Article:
Warning: Contains Game of Thrones and Seamus Heaney spoilers. Kind of.
My wife is terrible at shooty computer games which, as you can imagine, puts quite a heavy burden on our relationship.
It’s not that she can’t play these games, it’s more the crippling emotional guilt she feels in turning a collection of pixels red.
“Shoot him in the face.” I’ll yell encouragingly.
“But what if he has kids?”
“He might. He might have any number of dependents waiting at home. How will they feel when they get the note from the general saying: ‘Dear Hans’ son, due to being shot in the face dad won’t be coming home at Christmas.'”
“I…wha, you gave him a name?”
“Yes, Hans. He’s from Munich and attended Arts College before getting a job in a small advertising firm. He has no connection with the Nazi ideology but has been called up to serve his country. He didn’t ask to be here but here he is.”
At which point, Hans has bayoneted the avatar and the game draws to a close.
This would obviously cause no end of lighthearted piss-taking on my part, illustrating the fact that it is fictional and obviously animated and we’ve only just met Hans. It’s not like we had a chance to develop an emotional bond or anything.
However, since becoming a dad I have started to empathise more with my wife’s point of view.
You see recently I have found it more difficult to completely divest myself of any emotional attachment to the characters as portrayed on screen or on the page.
This manifests itself in unusual ways. The other night whilst watching Game of Thrones I understood why the Wildling woman crossed her weapons and refused to fight. A couple of years ago I would have been yelling at the TV for her to fight to the bitter end. Like an ancient Roman attending a gladiatorial contest I would be screaming for my violent desires to be sated by sword induced arterial spurting.
The visceral hyper-realism of television now makes me grimace.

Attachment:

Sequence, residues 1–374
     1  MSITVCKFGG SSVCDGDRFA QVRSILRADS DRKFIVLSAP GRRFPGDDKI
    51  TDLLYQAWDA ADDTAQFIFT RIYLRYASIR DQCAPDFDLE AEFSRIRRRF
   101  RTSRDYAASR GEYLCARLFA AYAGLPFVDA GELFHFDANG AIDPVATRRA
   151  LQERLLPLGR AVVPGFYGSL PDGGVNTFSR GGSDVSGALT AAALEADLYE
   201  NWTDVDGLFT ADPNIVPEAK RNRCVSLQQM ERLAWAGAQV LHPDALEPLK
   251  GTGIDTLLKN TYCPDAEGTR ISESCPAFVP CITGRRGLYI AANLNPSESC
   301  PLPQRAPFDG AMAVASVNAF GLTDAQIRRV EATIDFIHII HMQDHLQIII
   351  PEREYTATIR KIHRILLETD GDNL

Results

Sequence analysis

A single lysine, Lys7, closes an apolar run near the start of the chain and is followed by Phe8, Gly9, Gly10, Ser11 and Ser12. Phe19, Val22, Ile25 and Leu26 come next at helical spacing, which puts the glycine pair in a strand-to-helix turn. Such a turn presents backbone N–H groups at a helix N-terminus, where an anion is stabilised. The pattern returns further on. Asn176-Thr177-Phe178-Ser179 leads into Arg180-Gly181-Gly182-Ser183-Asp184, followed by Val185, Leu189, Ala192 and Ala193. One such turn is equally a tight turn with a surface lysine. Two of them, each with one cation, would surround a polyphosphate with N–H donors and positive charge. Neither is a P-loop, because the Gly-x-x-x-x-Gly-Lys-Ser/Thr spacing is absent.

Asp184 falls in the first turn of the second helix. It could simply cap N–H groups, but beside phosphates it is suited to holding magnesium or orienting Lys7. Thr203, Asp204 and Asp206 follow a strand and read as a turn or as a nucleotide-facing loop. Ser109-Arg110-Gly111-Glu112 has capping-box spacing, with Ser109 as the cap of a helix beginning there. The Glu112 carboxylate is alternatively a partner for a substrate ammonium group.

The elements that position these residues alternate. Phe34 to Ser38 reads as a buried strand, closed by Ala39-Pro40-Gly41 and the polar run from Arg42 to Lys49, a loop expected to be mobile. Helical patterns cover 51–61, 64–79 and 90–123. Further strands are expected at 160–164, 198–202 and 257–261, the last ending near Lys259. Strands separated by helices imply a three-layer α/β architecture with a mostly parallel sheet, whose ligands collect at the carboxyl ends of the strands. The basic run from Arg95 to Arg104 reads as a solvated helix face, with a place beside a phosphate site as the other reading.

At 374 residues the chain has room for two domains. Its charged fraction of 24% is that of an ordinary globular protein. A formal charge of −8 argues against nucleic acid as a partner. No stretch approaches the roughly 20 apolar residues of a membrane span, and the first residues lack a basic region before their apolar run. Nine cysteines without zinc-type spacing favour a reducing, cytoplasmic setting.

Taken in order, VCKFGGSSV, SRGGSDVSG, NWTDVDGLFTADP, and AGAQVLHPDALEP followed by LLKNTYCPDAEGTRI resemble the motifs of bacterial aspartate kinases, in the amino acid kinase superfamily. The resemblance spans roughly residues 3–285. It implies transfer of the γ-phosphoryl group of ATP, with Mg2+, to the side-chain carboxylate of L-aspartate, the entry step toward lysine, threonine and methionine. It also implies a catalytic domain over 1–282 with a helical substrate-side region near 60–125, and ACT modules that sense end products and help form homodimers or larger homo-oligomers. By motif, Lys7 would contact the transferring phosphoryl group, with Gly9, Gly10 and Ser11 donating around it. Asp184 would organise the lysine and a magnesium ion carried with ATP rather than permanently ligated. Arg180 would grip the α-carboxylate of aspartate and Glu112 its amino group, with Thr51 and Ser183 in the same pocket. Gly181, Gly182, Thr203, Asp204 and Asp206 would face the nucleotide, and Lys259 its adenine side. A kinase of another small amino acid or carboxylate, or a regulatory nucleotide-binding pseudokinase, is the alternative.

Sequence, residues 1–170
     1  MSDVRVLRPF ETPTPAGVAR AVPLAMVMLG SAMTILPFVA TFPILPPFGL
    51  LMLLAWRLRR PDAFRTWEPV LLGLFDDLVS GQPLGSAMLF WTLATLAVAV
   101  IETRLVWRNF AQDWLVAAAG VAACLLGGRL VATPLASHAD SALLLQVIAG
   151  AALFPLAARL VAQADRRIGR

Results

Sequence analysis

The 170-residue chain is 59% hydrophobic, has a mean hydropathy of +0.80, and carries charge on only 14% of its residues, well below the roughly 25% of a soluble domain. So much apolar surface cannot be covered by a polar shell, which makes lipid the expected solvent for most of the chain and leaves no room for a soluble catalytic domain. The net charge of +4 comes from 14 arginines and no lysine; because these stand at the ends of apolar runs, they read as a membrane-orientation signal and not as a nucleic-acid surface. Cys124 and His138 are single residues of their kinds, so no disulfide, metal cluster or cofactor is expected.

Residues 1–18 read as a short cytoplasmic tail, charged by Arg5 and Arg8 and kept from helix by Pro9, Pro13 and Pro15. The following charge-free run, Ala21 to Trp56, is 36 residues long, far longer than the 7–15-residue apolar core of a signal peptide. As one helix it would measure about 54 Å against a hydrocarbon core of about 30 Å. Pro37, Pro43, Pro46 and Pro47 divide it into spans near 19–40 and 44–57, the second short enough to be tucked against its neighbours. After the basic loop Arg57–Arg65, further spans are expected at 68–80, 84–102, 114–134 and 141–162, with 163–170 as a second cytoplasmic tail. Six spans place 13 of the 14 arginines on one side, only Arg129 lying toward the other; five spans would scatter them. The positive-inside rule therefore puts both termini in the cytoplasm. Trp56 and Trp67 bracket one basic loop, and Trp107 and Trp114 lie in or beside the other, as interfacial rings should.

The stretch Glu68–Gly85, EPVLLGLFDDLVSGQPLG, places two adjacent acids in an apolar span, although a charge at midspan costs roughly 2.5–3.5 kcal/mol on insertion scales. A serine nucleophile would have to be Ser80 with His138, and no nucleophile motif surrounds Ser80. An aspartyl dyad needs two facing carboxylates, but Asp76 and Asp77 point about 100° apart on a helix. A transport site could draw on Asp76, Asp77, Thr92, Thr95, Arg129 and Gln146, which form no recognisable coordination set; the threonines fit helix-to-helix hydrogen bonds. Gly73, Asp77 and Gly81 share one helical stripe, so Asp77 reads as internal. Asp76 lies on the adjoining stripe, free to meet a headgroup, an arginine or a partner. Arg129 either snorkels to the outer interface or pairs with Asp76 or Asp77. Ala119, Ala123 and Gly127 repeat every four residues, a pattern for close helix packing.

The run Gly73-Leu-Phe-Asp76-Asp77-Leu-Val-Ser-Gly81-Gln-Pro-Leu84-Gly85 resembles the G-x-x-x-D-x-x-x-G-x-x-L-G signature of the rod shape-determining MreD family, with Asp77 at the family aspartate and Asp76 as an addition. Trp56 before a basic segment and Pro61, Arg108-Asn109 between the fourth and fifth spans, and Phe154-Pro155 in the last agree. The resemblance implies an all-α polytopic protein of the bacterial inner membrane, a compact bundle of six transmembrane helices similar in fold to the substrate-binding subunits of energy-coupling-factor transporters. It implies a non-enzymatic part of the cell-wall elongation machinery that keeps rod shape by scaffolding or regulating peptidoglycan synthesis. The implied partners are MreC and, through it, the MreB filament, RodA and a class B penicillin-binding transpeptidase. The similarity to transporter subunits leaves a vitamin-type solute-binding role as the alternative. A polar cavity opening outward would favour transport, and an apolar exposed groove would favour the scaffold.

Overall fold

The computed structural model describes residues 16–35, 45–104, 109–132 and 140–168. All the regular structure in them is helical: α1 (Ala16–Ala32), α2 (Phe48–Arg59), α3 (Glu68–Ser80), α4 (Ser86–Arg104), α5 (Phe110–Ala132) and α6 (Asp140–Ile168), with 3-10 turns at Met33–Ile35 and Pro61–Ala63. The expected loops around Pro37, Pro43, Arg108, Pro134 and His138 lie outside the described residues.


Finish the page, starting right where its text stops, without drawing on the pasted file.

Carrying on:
It has an effect at work as well. This term I’ve been teaching poetry to my Year 9s (13-14 year olds) during which we’ve been looking at Seamus Heaney’s Mid Term Break.
Heaney is quite rightly a mainstay of the English Literature curriculum. His work is poignant without being overly florid, moving without being comically over the top and is genuinely readable. Honestly, it’s the kind of thing you read and then think about for the rest of the day. If you don’t know his work, I strongly recommend you find some.
Mid Term Break is an autobiographical poem which describes Heaney going home from boarding school to attend the funeral of his younger brother (who has been hit by a car and killed). Towards the end of the poem the persona has snuck into the room where his brother’s body is kept and sees him lying in “A four foot box, a foot for every year”.
I read this to the class and was stunned by an unexpected moment of deep emotional despair.
How would I cope if the boy was was in that box? The thought was unbidden and cold but lodged firmly in my mind.
Now, there are some places where having a moment of emotional and quiet reflection is fine. Where the catharsis of a gentle sob can help to break what seems to be overwhelming emotions. A brief moment of unrestrained feeling to allow you to move on.
Standing in front of a group of 14-year olds is absolutely not the place for such profound introspection. I could have mentioned my internalising of this personal tragedy to them but I would have been met with glazed looks of incomprehension. Let’s be honest, most 14-year olds have the empathetic qualities of a brick.
As I watch the boy grow I become more aware not just of his development but of mine. I wrote before on learning lessons from your kids and whilst I still think that is true there is another, less easily identified process that takes place, one that is fundamental to how the world is experienced. It’s a lesson you don’t realise you’ve been taught until you encounter it.
Whilst I will never share my wife’s ability to construct a back story in seconds when playing computer games (sorry Hans Jr., daddy’s just been turned into minced Nazi) I will perhaps be less inclined to mock her so ruthlessly in future.